I’ve found great difficulty unearthing the queer legacy of Black women, partially because the history of African people is so shattered, but primarily because women loving women remains one of our mainstream buried secrets. The roots of homosexuality stretch far beyond my imagination, as same genders have loved each other for centuries. This article is not an attempt to summarize or trivialize those experiences. I’d rather reflect on what is swept under the rug: how some of our most powerful Black women and prominent representatives of womanism love women romantically.
How often do we read the stories of queer womanists where the discussion of their sexuality takes a backseat? When discussing these influential women, the discourse remains about their work. We praise their fierce advocacy for Black women, the strides they’ve taken on our behalves, and the obstacles they’ve helped us to overcome. While I believe that their accomplishments should be the main topic of discussion, I don’t think it’s healthy to be complacent about the manner in which their sexuality is disdained or disregarded.
As Black women, we remain uncomfortable about discussing the intricacies of sexuality and, particularly, our connection to the LGBT community. This is baffling, being that some of our favorite female activists and authors love and make love to bodies with XX chromosomes. Black queer women are legends in our histories. We see pieces of ourselves in them and, likely in majority, believe that they represent us well. Therefore, why would we have a problem with the way that they love? Acknowledging that love has the power to motivate and inspire, can we truly be at odds with the relationships that likely enthused them to be the powerhouses they are?
Our discomfort is with the unfamiliar. Homosexuality constantly is pinned under the label of being “abnormal” or apart from the high-achieving Black lineup. I remember being a young college student and discovering that the majority of my famous Black female role models were queer. Did this inspire me to pursue a lesbian relationship? No. Yet, with the constant discrimination facing the LGBT community, I definitely felt that the acknowledgment of their sexuality along with their esteemed work would help bridge the gap of ignorance. I felt empathy for these women and the catch 22 their legacies are placed under. Why must their sexualities remain unspoken or whispered? It’s about time that we celebrated the manner in which they love/loved and stopped treating it as problematic to our imaginations.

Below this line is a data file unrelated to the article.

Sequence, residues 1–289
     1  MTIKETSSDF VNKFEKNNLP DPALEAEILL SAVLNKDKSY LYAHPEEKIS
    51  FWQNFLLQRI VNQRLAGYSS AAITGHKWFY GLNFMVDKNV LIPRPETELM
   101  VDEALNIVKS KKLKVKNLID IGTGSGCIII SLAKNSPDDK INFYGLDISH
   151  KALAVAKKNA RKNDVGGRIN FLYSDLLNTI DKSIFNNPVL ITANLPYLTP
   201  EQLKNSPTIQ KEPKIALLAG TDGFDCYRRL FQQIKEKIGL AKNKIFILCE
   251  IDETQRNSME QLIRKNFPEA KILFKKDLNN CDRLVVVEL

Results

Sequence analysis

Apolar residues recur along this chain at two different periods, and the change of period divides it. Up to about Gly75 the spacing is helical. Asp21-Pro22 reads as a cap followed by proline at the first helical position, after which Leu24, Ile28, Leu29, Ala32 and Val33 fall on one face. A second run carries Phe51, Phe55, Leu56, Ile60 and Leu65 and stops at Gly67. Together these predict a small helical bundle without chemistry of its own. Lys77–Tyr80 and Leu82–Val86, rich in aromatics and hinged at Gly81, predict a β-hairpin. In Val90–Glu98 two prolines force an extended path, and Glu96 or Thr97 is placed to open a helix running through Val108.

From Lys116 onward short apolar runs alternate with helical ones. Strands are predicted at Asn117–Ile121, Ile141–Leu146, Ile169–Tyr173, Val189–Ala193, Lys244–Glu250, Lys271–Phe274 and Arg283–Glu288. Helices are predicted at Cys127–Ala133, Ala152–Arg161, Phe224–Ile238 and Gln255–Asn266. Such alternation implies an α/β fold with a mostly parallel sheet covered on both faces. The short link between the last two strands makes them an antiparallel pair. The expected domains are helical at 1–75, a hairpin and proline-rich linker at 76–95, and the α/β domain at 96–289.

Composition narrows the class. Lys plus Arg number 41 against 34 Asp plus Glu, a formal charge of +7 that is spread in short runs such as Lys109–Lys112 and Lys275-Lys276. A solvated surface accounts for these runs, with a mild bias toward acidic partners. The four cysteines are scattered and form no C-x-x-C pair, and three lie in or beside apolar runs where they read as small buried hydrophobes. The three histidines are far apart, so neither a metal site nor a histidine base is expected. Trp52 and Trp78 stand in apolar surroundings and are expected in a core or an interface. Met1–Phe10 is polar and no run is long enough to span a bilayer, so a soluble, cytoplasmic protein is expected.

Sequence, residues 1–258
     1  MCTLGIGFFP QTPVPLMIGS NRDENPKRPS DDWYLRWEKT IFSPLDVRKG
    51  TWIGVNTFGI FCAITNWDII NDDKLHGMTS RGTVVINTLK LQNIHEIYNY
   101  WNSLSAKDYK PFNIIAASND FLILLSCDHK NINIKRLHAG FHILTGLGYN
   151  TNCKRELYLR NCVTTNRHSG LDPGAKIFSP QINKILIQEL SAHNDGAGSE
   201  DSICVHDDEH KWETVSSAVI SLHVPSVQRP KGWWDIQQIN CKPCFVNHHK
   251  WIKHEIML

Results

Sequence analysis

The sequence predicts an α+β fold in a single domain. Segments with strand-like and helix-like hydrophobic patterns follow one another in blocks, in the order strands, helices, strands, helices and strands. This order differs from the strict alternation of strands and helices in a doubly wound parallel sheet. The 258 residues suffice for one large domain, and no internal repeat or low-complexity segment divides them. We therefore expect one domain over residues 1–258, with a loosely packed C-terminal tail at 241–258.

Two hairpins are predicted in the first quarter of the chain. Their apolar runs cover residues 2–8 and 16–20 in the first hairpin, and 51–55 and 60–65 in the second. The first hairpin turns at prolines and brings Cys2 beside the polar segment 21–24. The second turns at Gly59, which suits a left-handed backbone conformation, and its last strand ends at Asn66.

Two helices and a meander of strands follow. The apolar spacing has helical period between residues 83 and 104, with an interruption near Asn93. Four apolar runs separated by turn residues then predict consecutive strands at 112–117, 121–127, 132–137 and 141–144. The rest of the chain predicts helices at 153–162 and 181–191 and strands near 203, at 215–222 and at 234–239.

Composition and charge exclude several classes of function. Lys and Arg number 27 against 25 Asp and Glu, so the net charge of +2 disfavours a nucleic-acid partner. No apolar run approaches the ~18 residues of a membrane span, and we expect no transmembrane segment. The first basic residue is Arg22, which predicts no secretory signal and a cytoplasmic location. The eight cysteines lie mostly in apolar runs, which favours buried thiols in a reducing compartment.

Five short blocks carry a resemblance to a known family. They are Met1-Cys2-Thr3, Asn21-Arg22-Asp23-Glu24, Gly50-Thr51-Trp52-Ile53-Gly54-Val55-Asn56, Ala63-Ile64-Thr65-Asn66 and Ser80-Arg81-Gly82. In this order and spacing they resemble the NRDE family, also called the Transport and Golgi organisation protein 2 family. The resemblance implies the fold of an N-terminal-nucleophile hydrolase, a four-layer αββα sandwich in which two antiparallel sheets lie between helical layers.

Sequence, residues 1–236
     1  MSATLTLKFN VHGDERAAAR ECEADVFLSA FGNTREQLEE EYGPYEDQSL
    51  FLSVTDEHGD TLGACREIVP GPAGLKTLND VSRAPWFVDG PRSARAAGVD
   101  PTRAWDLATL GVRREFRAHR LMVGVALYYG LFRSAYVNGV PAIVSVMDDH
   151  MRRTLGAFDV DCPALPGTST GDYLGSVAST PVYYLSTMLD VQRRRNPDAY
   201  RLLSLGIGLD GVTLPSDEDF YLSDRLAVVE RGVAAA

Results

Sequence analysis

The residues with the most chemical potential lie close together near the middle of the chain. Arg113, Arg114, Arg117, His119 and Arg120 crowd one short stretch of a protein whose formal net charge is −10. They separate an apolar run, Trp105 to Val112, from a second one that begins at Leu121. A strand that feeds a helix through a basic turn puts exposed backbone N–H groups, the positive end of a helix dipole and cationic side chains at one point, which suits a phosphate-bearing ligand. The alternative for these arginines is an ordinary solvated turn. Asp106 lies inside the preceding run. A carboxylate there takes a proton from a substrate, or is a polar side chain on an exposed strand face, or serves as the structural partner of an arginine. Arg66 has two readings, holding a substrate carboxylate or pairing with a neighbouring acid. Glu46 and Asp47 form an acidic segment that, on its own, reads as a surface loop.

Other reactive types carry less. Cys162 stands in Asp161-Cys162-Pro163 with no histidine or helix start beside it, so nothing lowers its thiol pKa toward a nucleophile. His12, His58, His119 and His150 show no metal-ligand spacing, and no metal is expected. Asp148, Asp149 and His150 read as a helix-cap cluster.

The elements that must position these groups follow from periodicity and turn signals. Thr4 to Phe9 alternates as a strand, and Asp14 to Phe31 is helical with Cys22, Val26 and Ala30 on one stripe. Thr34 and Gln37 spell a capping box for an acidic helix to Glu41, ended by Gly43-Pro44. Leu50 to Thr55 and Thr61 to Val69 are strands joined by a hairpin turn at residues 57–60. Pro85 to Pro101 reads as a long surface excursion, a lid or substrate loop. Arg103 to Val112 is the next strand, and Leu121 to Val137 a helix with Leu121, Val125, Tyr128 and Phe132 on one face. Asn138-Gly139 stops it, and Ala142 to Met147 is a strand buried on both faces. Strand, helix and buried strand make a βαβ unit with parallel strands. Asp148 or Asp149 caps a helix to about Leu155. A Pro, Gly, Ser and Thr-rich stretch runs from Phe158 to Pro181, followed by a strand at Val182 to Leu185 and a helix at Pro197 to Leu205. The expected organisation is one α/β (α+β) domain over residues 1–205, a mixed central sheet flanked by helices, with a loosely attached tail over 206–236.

This is a tribute to the way Angela Davis, Alice Walker, Audre Lorde, June Jordan, Octavia Butler, Nikki Giovanni, and Zora Neale Hurston have loved. This is for the women who love women openly, while constantly taking a side eye from uncomfortable strangers, most of whom resemble them in appearance. These words are for the women who choose not to be open about their sexualities out of the fear of being stereotyped and misunderstood. Our sisters are our sisters. Can we accept them in whole for their intellect, beauty, and talent, without ignoring or despising their homosexuality?
As sisters, we can be contradictory, accepting the pieces of our queer role models and friends that we like while failing to address our prejudices toward their sexuality. I always say, love fully or don’t love at all. Love hard or go home. Embrace your role models for being multi-dimensional women and allow them to challenge your stereotype of homosexuality. Indeed, these women are reflections of ourselves—ones that we should be proud of. The frequency of women loving women in our community has a more familiar face than you would imagine. It remains a powerful source of Black love that is rarely discussed. Look at what these relationships have produced. I pray for more Angelas, Alices, and Zoras in the future. Loved women are powerful women, regardless of which gender does the loving.
Homosexuality is not a discount or defect. These women are just as strong, role model worthy, laudable, and worthy of being the faces of Black womanhood as any heterosexual woman. When we raise our daughters, we should not fear telling them the way in which these women loved. It is an aspect of their personhood, one that should be respected and shared as an example of the power of love.